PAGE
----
Steven Spielberg's new movie, Lincoln, features several notable Kentuckians of the past, from the 16th president and his Lexington-born wife to a long-forgotten congressman from Owensboro.
When I wrote about them last month, I didn't know that four modern Kentuckians also appear in the acclaimed movie. They provide an authentic taste of Civil War music on period brass instruments.
About 15 minutes into the film, President Abraham Lincoln, portrayed by Daniel Day-Lewis, is shown at a flag-raising ceremony. A 12-piece military band wearing red uniforms plays as the crowd sings, "We are coming, Father Abraham," a popular patriotic song of the day.
The scene was filmed in Petersburg, Va., in December 2011. But it wasn't until the movie was released this fall that members of the band, President Lincoln's Own, were allowed to reveal their participation.
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The Kentucky musicians are Wayne Collier, a Lexington lawyer with Kinkead & Stilz; Reese Land, associate professor of music at Campbellsville University; Michael Tunnell, a University of Louisville music professor; and Don Johnson, a musician and antique instrument collector from Lexington who now lives in Lebanon.
The band played with Spielberg when he spoke Nov. 19 in Gettysburg, Pa., at ceremonies marking the 149th anniversary of Lincoln's Gettysburg Address.
"It was one of those who-you-know situations," said Collier, explaining how a real estate lawyer and amateur trumpeter found his way into a Spielberg movie touted as an Academy Award favorite.
The Civil War band grew out of Kentucky Baroque Trumpets, an award-winning group that Johnson, Collier and two others formed in 2005.
Collier has been playing trumpet since he was 10 and earned a music theory degree from the University of Kentucky before going to law school. The Tates Creek High School graduate got to know Johnson, who went to Henry Clay, when they played together in a youth orchestra in the early 1970s.
To film the scene in Lincoln, band members drove to Petersburg, Va., one weekend last December. They found tons of dirt spread on the streets in a neighborhood of antebellum buildings "at great expense, I'm sure," Collier said.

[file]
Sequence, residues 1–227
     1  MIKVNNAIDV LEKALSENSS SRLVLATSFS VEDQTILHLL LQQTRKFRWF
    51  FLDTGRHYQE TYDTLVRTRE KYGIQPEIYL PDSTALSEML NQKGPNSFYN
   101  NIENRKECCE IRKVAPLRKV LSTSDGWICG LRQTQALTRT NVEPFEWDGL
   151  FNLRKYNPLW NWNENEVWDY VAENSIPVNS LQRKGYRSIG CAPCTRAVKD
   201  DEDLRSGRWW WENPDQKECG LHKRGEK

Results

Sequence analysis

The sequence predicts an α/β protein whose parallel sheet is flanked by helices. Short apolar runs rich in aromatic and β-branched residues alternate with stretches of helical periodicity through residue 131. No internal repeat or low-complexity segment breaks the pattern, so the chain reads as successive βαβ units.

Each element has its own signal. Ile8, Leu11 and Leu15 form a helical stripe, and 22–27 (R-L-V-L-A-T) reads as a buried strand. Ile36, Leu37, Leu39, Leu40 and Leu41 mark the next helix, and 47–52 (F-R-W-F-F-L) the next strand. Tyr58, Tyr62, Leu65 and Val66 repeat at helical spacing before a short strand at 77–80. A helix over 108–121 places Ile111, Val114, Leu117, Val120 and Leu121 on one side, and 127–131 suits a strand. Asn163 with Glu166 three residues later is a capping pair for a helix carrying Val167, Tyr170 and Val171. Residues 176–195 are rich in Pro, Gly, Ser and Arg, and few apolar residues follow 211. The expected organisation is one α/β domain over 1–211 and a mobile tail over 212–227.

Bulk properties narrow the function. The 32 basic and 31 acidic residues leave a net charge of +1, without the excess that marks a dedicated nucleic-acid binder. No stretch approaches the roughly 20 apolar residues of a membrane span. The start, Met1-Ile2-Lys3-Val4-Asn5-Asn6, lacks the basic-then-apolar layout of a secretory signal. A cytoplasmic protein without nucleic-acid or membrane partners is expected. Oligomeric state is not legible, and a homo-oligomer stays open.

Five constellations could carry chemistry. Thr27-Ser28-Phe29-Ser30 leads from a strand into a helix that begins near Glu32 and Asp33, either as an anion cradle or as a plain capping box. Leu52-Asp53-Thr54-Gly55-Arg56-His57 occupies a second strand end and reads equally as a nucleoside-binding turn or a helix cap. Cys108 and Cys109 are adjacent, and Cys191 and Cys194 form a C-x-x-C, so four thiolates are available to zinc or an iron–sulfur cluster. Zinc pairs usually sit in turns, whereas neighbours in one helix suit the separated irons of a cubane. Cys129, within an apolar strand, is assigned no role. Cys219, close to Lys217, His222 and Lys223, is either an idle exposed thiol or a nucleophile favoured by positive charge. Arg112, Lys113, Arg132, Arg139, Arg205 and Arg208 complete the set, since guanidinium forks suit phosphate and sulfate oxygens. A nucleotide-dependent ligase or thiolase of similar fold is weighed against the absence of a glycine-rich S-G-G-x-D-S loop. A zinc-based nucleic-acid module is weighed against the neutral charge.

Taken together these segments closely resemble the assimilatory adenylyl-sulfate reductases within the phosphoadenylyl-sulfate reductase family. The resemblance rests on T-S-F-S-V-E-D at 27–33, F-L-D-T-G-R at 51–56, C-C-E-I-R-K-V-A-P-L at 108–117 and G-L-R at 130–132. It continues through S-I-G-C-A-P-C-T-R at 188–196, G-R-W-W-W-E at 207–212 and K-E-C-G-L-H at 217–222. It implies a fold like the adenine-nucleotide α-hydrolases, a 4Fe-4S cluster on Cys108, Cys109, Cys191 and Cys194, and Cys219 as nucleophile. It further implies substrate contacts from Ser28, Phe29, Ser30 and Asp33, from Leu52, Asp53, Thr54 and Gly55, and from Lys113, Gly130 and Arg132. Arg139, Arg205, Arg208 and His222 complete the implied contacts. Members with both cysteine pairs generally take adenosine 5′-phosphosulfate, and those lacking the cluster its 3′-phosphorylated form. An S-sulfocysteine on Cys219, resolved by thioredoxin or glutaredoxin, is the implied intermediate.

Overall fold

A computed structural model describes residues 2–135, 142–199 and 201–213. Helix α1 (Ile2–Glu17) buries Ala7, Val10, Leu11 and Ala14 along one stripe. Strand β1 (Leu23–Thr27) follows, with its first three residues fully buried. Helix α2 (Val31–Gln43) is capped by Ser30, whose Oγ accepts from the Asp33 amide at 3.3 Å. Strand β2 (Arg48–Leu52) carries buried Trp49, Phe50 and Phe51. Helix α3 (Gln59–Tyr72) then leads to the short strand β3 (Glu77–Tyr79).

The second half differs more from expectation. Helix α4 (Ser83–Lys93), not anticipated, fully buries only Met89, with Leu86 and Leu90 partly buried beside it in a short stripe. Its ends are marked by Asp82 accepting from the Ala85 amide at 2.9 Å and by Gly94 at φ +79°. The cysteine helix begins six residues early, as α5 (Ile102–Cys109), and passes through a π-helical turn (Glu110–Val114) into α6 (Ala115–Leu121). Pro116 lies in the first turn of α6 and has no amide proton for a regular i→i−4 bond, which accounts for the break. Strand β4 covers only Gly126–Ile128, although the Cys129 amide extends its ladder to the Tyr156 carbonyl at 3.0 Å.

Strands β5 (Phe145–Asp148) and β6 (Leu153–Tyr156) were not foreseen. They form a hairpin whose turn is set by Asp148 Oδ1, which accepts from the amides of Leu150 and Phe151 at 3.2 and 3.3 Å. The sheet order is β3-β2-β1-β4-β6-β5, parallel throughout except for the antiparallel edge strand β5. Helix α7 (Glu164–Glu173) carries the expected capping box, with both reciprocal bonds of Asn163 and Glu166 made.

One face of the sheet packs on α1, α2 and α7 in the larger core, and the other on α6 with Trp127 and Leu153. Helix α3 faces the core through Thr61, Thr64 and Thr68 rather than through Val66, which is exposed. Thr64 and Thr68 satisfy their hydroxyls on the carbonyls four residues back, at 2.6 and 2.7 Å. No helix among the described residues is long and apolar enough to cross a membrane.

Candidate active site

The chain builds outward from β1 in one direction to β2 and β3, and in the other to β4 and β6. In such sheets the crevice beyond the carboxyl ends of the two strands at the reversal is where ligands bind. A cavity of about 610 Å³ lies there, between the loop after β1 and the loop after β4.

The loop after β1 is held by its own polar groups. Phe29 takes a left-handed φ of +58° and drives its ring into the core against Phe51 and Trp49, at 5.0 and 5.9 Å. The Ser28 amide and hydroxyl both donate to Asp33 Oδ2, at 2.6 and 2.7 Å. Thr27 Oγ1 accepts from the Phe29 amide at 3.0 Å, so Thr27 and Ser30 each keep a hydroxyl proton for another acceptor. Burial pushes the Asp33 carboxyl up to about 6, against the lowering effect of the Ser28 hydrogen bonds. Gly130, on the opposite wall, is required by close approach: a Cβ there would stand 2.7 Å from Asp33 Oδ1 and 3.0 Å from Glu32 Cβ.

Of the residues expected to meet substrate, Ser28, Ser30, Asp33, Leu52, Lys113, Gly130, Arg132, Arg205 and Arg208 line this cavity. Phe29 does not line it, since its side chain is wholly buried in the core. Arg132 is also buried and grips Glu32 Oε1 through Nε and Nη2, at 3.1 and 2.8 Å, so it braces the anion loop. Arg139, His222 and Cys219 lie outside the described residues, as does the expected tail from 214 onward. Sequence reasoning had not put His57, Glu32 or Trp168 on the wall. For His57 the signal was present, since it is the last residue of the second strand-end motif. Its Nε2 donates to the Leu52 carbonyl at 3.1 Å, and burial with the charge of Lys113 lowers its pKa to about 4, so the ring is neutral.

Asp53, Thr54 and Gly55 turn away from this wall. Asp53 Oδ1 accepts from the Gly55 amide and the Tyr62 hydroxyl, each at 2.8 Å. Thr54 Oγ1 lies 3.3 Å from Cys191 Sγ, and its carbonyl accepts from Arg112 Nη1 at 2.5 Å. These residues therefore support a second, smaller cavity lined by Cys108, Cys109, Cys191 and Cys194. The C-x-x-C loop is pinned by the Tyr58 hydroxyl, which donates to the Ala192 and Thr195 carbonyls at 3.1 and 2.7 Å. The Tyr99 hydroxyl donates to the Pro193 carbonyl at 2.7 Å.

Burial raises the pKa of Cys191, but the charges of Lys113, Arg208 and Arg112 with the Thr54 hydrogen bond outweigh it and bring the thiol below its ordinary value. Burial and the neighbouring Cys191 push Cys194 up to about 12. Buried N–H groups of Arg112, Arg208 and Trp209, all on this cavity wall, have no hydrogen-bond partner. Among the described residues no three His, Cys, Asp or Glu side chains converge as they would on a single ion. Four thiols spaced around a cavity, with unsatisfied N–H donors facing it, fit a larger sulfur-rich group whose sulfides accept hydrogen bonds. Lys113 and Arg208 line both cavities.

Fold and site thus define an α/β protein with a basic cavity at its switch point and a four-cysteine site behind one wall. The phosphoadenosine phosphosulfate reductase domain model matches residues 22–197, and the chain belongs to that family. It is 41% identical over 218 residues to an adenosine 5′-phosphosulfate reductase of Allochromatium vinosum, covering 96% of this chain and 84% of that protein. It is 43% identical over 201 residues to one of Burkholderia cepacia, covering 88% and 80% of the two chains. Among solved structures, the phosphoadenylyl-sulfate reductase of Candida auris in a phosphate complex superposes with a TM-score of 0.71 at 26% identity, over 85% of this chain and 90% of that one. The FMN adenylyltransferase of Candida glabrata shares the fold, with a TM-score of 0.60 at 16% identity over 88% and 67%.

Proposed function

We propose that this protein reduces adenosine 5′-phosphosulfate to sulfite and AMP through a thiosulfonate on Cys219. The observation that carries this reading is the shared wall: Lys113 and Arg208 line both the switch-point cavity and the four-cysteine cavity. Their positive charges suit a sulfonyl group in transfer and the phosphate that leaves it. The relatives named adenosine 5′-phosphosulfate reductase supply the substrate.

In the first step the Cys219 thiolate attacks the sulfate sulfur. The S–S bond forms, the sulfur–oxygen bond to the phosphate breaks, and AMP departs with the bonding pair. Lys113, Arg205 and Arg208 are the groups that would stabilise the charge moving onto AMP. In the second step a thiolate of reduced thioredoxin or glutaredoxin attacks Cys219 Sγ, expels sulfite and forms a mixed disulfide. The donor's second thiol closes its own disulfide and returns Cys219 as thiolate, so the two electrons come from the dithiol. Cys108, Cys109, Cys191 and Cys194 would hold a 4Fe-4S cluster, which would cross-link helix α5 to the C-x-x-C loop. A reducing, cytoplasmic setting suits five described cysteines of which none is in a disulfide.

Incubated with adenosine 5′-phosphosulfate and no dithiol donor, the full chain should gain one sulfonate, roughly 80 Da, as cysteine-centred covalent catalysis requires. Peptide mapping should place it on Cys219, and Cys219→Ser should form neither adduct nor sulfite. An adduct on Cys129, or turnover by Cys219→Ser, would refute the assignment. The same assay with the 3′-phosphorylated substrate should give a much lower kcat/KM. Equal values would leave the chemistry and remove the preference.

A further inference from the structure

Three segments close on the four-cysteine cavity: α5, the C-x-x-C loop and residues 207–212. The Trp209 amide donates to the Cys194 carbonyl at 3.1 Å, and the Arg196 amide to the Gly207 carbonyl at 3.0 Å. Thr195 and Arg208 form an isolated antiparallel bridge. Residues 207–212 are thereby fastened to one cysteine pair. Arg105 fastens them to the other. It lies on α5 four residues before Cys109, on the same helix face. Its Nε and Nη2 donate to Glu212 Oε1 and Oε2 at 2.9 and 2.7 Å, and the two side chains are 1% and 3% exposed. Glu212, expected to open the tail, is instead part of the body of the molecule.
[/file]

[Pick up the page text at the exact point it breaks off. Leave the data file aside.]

Band members had been told not to shave or cut their hair for a month before filming so makeup and hair stylists could make them look authentic to the period.
They were then photographed so the makeup and styling could be quickly recreated before filming on Monday morning.
Band members practiced their music on original Civil War-era horns, which are pitched higher and are more difficult to play than modern instruments. Collier said he had it easier than some because he played a horn from his own collection: an 1861 nickel-silver D.C. Hall E-flat alto with rotary valves.
After makeup, costuming and rehearsal, band members attended a cast party and met actress Sally Field, who had visited Lexington last year to prepare for her role as Mary Todd Lincoln.
Filming the flag-raising scene took three hours. Freezing temperatures made it difficult to play the antique brass horns. But Spielberg liked the band's performance so much that he made the unusual decision to use the live performance rather than redub the music with a studio recording.
In the movie, the band members are seen and heard for only a few seconds — and they were left out of the credits, which was a disappointment.
Collier said his legal background helped him appreciate the dialogue-heavy movie, which focuses on Lincoln's legal thinking and political arm-twisting in 1864-65 to enact the Thirteenth Amendment to the Constitution to abolish slavery. Lincoln thought the amendment was legally essential to expand and make permanent his 1862 Emancipation Proclamation.
A key figure in the movie is U.S. Rep. George Helm Yeaman, a lawyer and judge from Owensboro whom Lincoln cajoles into becoming a key swing vote for the amendment.
After seeing the movie, Collier found copies of two Yeaman speeches. One was given in 1862 on the floor of the House, criticizing the legal weaknesses in the Emancipation Proclamation that Lincoln was trying to fix two years later. The other speech was given in 1899, when Yeaman taught constitutional law at Columbia University in New York and was reflecting on the amendment.
"He was a lot brighter than he came across in the film," Collier said of Yeaman.
"Compared to him, our role in the movie was minuscule. But it was a phenomenal experience."